As I stand on the 40 foot high observation platform at the Aransas National Wildlife Refuge, I’m mesmerized by the vultures. I savor the quiet solitude as I stand against the rail. I watch the vultures gracefully soar through the air while hunting for prey.
I’m totally lost in the moment. I’m in my own little word….that is until I’m abruptly snapped out of my trance by the shrieking tantrums of a three year old. So much for my fifteen minutes of solitude. Forty feet below me is the minivan whose occupants are clearly not happy.
The disgruntled family can be heard across the marsh. The deer move on. Birds fly off including my vulture friends. As I hear the wheels of a stroller clickety clacking over the slated decking with a crying occupant making it’s way up the platform ramp, I take that as my que to move on as well.
I scurry down the ramp passing the frazzled family. We exchange smiles and “good mornings”. I’m sure I was sporting a look of sympathy, although I’m not sure who I should feel sympathetic for; the kiddies who would prefer to see the likes of a Mickey or Minnie or the folks trying to expose the kiddies to some of natures beauty. Ah, I remember those days fondly.
With the truck started, the intent is to make my way back via the same road…..nope, changed my mind and I take the 16 mile Auto Tour Loop inland. This single lane, one way, paved road provides a leisurely ride through the ‘Texas savannah’. Along the way one might see deer, hawks, javelina, bobcat, or the occasional snake crossing the road. There are pull-outs every now and then, but since I’m the only one out here, I feel free to stop occasionally in the middle of the road. I jump out of the vehicle from time to time to photograph the landscape. Yep, just the landscape as this gal did not encounter any other wildlife – well except for the wasp wanting to free load a ride. Yeah, not the brightest thing I did that day leaving my car window open in front of this sign.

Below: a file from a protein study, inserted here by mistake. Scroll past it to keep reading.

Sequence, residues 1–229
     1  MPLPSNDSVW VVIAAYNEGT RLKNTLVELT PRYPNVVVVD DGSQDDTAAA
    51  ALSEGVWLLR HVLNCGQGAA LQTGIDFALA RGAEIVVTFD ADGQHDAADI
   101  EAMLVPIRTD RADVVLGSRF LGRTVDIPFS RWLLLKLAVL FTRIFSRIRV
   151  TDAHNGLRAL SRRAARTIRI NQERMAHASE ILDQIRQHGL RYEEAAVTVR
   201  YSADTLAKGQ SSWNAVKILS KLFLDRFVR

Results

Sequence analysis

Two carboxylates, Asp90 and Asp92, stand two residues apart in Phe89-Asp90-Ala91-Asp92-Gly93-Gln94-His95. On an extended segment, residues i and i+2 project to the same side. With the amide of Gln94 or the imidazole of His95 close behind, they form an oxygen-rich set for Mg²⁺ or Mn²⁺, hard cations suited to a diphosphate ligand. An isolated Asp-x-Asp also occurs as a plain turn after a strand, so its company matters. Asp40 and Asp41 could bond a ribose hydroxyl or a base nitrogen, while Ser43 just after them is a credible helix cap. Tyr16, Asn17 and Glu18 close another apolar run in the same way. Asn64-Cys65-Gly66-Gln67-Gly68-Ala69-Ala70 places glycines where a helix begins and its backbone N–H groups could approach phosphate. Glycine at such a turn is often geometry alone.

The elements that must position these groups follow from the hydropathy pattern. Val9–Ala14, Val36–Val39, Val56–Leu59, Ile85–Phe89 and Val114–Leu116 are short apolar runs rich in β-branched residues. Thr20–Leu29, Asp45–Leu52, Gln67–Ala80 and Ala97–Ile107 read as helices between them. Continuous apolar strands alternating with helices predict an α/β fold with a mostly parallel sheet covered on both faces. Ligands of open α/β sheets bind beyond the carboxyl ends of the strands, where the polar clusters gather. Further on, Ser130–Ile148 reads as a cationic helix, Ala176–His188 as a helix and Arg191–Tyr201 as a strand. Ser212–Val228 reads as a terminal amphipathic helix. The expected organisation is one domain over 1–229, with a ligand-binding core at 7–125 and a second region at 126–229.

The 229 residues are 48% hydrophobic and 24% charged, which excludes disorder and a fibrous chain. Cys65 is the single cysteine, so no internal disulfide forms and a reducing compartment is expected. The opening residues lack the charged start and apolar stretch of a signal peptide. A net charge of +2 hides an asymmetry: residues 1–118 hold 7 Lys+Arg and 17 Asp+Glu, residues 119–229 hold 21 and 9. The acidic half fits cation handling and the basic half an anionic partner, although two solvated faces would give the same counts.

Loop completed, I stop once again at the ‘Heron Flats’ viewing area. Earlier in the day I had this place to myself. Now there are two other cars and a couple of cyclists. I look off to the right in the first marsh….nothing. I continue to the viewing platform…..very few birds. On my return to the truck a woman asks me if I’ve seen the whoopers. I respond, “I don’t think so. What do they look like again?”……Light bulb! “Oh, they were here earlier this morning”. Now I know. I’ve seen and photographed the endangered whooping crane without effort while folks from around the country are traveling to this area in hopes of their own personal glimpse.
While having a pleasant conversation with this woman, her husband who had remained by the marsh near the beginning of the trail yells out to his wife, “alligator”. She and I swiftly join him at his side as he points out the rather large gator in the distance. There are no fences or barriers. The alligator looks well fed and ready for a nap. I did not notice him earlier and am grateful the gator was pointed out to me.
Would I recommend a visit to the Aransas National Wildlife Refuge? I guess it depends on ones expectations. I talked to some local wildlife photographers near my RV Park and they personally have never had much luck with their bird photo captures from land at the refuge. I hear, via boat is the best way.The refuge is located 35 miles north of Rockport, Texas, out in the boonies. I made the mistake of not packing a lunch. I think it’s a great place to learn and experience. However, I was disappointed several trails and viewing platforms were closed due to damage. I enjoyed the day and would go back, but I would go early in the morning and prepare to spend the day.
That said, I have had better luck photographing birds off Fulton Beach Road and Lamar Beach Road……near Goose Island State Park, Texas.
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